EW: How did you come up with Grievous transformer-like bike?
RC: George said that Grievous needed something that could move like a lizard, meaning that it could climb up walls and go really fast on the straight-aways. But it had to be mechanical. That was a really tough design challenge. I came up with something that could fold its legs and become a moving chain-saw wheel. Then it could shoot the legs out and climb like a lizard. When Steven Spielberg came by during Episode III and saw General Grievous bike, he said to George, Thats the coolest thing you ever designed. A year later, (Lucasfilm producer) Rick McCallum got a call from Steven. He said, I want the guy who designed that bike thing to design the tripods for War of the Worlds.
EW: War of the Worlds was made on an extremely tight schedule. Did any time pressures affect your process of designing the Tripods?
RC: That was a fish to fry. The design for the Tripods was chosen fairly early on and then there was a lot of refining to make it work. Unlike Star Wars, where we had a million different things, this was one hero thing that youre looking at from different angles though were looking up at them a lot because theyre so tall. It was a really cool design challenge to make them look scary the whole time.
Im a huge fan of the original movie and especially the book, so I kind of knew what had been done and what Steven wanted. In addition to looking scary, they had to have performance capabilities. He kept referring to them as ballet dancers, which was really interesting. Steven ended up kluging a couple of my designs together. From there I worked with the animatics team at Skywalker Ranch, and then with the modelers at ILM.
I did very detailed breakdowns of how these machines worked. Id built all these little capabilities into the Tripod, and I wanted to make sure that they were utilized. When the animatics guys were performing with it, I was looking over their shoulders and saying, Did you know that the mouth parts can fold out and make a more predatory silhouette, and then they can recede? It was great to work with those guys because they were actually doing the first pass on the movie. Then Steven shot it and ILM did the effectsOnEpisode III, time was a luxury, butWar of the Worlds was the quickest Ive ever worked.
EW: What tools did you use?
RC: Lots of (Corel) Painter and napkins and pens. Every painting I did was on Painter. On Episode III, I used Painter 6, though Ive since switched to Painter 9.
EW: Do you use it to emulate oils vs. acrylics, for example, to suggest different moods?
RC: Occasionally, where appropriate. If its more of an illustration job, where I have to put this ship in that environment, I will approach things differently than if I have a blank sheet of paper. What Painter has allowed me to do which you cant do in the real world is start off oil painting and then switch to acrylic. Having used it so much, the stuff I do in Painter is exactly what I want it to look like. When youre doing a watercolor or an oil painting, theres always a compromise, but with this there is no compromise. There are no excuses anymore. If something can be depicted in two dimensions, you can do it with these programs.
EW: What are you working on now?
RC: I probably cant say, except that Im working in L.A. on several pitch projects for big science-fiction movies that have yet to be green lit. Its work to basically sell ideas to the studios. Im still employed by ILM, but only technically.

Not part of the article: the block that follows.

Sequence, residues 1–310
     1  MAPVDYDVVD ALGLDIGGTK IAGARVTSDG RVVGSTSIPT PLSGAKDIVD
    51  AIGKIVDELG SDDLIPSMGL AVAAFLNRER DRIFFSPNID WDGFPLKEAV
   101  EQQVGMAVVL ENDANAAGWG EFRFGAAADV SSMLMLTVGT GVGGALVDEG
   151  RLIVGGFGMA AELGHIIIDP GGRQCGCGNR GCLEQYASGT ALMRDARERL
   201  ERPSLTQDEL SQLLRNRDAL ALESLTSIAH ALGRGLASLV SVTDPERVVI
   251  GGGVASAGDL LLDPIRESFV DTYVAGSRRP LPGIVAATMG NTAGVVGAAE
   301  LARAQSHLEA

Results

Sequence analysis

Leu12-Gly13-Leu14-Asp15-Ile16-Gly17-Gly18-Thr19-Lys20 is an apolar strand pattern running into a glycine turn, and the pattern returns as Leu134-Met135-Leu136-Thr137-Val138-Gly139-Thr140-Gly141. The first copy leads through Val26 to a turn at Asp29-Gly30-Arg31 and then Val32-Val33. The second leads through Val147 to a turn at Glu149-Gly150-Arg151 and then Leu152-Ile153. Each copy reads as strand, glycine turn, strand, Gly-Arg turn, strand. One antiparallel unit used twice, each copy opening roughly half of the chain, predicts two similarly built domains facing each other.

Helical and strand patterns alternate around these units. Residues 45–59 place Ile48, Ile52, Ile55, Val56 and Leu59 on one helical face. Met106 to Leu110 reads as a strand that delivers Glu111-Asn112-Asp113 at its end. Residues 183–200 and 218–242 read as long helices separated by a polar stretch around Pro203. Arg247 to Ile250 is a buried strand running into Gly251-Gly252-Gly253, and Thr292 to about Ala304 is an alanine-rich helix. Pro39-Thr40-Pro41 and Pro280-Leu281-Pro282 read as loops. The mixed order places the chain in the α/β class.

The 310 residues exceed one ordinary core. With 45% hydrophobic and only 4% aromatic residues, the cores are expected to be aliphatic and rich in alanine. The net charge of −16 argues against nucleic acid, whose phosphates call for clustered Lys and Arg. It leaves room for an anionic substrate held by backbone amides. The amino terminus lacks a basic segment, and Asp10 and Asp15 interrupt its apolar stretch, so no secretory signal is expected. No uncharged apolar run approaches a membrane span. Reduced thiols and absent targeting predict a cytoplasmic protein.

EW: So pitch meetings with studios arent something youre used to.
RC: No, not at all. It is a little bit of a shock after working for George for the last seven years, counting my time at ILM. The guy snaps his fingers and it gets done. It was just a matter of pleasing him. I feel so fortunate to have had that experience and now I feel prepared to walk into anything. I know whats important about design ideas. Im confident in the work and its either appropriate or not. Presenting it is just not a problem anymore.
Just like when Ralph McQuarrie did those paintings for the first Star Wars, it is the pitch art that gets people excited. There was no such thing as an Art Of book before Joe Johnston and Ralph McQuarrie. Its how George got the first movie sold.
EW: Youve had a long collaboration with your fellow design co-supervisor, Erik Tiemens. Can you envision working with him in the future?
RC: Ive moved down to L.A., and Erik is still up at ILM and I dont think hell move. Im originally from L.A. and my trip to northern California was kind of a detour that was supposed to be about six months on a freelance gig. But were already working on the same projects and if they get green lit that relationship will get bigger. I would love to continue my relationship with ILM. They do the best work and I know how things operate there.
EW: Do you have aspirations to become a director yourself someday?
RC: Of course. Thats the long-term plan. But right now its just cool to be able to draw stuff and show it to people on its own merit, vs. it having to take it to film. Thats what I enjoy most. I do like working with really talented directors who push me further. I find that I work a lot harder and come up with better ideas when I have limitations, and when I have somebody I really want to please. If you can impress George Lucas and Steven Spielberg, thats as rewarding as it gets.
Ellen Wolff is a southern California-based writer whose articles have appeared in publications such as Daily Variety, Millimeter, Animation Magazine, Video Systems and the website CreativePlanet.com. Her areas of special interest are computer animation and digital visual effects.